“A Leap of Faith”

“A Leap of Faith” January 31, 2015

In a comment on my most recent post about Jesus’ use of the word “faith”, Stig Martinsen points to the phrase “a leap of faith” as evidence that Christians sometimes speak of “faith” in a way that implies belief that goes beyond reason or evidence.  I don’t plan to reply to his point here, but I think this phrase has an interesting history that is worth reading and thinking about.

According to the Wikipedia article on “Leap of Faith”, this phrase is generally associated with the philosopher Kierkegaard’s views about faith, although Kierkegaard actually spoke of a “leap to faith” rather than a “leap of faith”:

 http://en.wikipedia.org/wiki/Leap_of_faith

According to that article, the Danish philosopher Kierkegaard was influenced by Lessing:

Kierkegaard’s use of the term “leap” was in response to “Lessing’s Ditch” which was discussed by Gotthold Ephraim Lessing (1729–1781) in his theological writings.  Kierkegaard was indebted to Lessing’s writings in many ways.

Lessing lays out his “ugly broad ditch” in an essay called On The Proof of the Spirit and of Power in 1777, the same year that Hume’s essays were re-published in a posthumous collection.   This essay by Lessing reads a lot like Hume’s skeptical essays (Hume’s An Enquiry Concerning Human Understanding, which includes his skeptical essay “On Miracles”, was originally published in 1748).

John Loftus provides several key quotes from Lessing’s essay On The Proof of the Spirit and of Power:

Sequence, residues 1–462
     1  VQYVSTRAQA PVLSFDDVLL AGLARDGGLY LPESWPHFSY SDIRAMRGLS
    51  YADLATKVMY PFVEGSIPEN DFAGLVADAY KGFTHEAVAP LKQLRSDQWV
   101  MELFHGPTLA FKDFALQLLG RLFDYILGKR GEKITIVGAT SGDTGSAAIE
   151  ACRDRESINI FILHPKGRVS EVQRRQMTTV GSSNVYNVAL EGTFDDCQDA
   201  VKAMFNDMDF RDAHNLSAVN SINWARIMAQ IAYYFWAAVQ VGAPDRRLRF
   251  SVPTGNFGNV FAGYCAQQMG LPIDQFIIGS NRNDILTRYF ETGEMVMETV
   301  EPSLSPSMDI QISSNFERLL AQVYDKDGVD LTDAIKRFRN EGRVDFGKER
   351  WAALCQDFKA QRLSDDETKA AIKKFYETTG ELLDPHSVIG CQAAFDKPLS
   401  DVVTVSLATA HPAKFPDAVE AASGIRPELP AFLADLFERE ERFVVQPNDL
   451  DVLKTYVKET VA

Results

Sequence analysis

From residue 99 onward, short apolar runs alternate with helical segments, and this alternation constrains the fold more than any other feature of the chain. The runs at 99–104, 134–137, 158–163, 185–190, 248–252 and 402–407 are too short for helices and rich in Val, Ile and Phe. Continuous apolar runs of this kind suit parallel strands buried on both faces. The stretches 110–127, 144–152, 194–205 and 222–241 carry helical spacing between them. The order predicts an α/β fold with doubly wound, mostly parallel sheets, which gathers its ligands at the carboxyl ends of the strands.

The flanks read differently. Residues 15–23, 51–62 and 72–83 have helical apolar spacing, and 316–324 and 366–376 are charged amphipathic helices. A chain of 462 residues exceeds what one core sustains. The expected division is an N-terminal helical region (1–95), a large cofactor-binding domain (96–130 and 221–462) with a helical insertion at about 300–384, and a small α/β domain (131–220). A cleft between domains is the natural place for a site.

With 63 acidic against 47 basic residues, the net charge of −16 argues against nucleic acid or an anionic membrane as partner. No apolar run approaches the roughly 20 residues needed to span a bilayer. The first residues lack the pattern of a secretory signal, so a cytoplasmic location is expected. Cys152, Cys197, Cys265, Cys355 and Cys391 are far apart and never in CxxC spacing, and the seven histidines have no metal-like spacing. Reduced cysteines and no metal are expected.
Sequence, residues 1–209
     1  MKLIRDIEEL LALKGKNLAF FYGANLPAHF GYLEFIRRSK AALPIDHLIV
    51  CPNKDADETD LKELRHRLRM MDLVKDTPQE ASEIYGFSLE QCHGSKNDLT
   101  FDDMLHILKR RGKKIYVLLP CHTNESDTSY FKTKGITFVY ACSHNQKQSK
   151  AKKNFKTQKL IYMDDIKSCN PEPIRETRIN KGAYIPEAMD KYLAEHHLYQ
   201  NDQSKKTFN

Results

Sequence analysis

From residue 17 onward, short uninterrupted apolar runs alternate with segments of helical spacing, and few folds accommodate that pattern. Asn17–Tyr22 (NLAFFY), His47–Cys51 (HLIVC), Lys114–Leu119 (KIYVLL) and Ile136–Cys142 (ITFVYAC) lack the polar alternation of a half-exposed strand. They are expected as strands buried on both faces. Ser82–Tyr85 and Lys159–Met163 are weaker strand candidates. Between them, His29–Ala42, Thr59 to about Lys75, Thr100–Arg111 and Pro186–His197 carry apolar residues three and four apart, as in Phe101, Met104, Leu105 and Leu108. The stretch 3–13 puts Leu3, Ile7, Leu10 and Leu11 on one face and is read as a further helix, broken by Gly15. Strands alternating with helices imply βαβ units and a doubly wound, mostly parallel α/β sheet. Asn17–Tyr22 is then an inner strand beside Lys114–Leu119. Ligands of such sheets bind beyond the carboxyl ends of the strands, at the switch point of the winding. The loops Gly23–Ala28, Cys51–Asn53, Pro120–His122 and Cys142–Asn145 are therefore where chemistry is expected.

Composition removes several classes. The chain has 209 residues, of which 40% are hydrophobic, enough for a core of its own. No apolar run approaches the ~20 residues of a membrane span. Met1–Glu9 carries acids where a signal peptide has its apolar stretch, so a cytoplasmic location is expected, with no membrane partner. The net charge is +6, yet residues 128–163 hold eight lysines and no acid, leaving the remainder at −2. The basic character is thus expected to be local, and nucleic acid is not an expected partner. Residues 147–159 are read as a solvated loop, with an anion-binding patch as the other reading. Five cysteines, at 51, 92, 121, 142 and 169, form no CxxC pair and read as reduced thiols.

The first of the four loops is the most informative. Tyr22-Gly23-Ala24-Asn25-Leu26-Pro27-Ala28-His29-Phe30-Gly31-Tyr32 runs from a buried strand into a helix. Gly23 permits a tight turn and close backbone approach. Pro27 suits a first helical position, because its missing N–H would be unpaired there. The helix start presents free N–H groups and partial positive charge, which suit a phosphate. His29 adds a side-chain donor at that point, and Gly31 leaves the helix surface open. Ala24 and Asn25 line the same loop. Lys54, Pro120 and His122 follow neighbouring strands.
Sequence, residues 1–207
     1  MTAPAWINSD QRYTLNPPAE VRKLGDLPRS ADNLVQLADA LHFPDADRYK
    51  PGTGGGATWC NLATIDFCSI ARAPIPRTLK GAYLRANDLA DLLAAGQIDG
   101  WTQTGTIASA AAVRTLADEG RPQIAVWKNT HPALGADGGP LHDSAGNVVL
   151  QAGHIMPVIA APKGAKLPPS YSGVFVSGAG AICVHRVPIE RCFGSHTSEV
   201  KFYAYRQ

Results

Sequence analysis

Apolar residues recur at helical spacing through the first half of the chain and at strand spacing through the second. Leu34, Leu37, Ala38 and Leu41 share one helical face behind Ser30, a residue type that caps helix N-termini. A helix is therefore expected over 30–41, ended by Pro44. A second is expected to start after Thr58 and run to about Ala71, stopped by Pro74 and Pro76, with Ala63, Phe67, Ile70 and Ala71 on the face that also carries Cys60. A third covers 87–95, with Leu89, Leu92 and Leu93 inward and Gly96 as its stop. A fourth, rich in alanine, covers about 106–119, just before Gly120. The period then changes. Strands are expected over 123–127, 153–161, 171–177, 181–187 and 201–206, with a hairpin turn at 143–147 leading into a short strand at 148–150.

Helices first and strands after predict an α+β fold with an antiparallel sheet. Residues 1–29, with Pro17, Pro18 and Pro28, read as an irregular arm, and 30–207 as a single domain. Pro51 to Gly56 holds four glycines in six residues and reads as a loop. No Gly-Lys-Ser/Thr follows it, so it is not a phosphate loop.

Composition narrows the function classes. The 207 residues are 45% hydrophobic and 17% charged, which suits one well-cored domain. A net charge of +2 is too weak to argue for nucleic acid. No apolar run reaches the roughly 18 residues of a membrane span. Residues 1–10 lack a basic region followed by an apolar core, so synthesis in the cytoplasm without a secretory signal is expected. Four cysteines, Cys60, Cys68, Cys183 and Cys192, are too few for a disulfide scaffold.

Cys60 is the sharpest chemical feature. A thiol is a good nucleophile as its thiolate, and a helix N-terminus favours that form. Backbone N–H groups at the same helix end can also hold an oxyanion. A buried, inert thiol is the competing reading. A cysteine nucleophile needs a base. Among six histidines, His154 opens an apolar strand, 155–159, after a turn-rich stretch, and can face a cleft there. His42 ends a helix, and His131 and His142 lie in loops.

http://debunkingchristianity.blogspot.com/2006/02/lessings-ugly-broad-ditch.html

William Craig gives some incisive criticisms of Lessing’s Ditch:

http://www.reasonablefaith.org/leaping-lessings-ugly-broad-ditch

Lessing’s essay laying out the ‘ditch’ is a short and pleasant read:

http://faculty.tcu.edu/grant/hhit/Lessing.pdf

I found some interesting scholarly analysis of Lessing’s Ditch on Google books:

Lessing’s “Ugly Broad Ditch”

I have heard of Lessing before, I think from reading about the history of the search for the historical Jesus.  According to Schweitzer, the quest for the historical Jesus began with “the publication in 1778 of an anonymous article, ‘On the Intention of Jesus and his Disciples.’ ” (“Historical Jesus, Quest of” , Dictionary of Jesus and the Gospels, p.326).  The author was Hermann Reimarus, and it was Lessing who published excerpts from the controversial writings of Reimarus under the title Fragments from an Unnamed Author.

The Fragments contained an attack on the historicity of the resurrection narratives.  The Fragments also included the infamous essay ‘On the Intention of Jesus and his Disciples’ which portrays Jesus as a Jew who was trying to establish a literal kingdom on earth, but who failed to do so, and died a disillusioned man believing that God had forsaken him.  This essay kicked off the quest for the historical Jesus. (Info in this paragraph is from “Historical Jesus, Quest of” in Dictionary of Jesus and the Gospels, p.326)

Not only did Lessing have influence on the study of biblical history, his views, especially “Lessings Ditch”, influenced various important German philosophers and theologians, including Kant, Hegel, Schelling (a university roomate of Hegel), and Schleiermacher.

Karl Barth, the great 20th century Protestant theologian (born in Switzerland, professor of theology in Germany), wrote about “Lessing’s Ditch”:

http://www.credomag.com/2011/09/24/karl-barth-and-the-specificity-of-the-christian-message/

Barth was also significantly influenced by Kierkegaard, and his theology was in reaction to the Liberal theology of Schleiermacher, both of whom were influenced by Lessing.

So, the phrase “a leap of faith” has a long and interesting history, and it appears to be closely connected with “Lessing’s Ditch”, specifically the attempt to “leap” over his “ugly broad ditch”.

 


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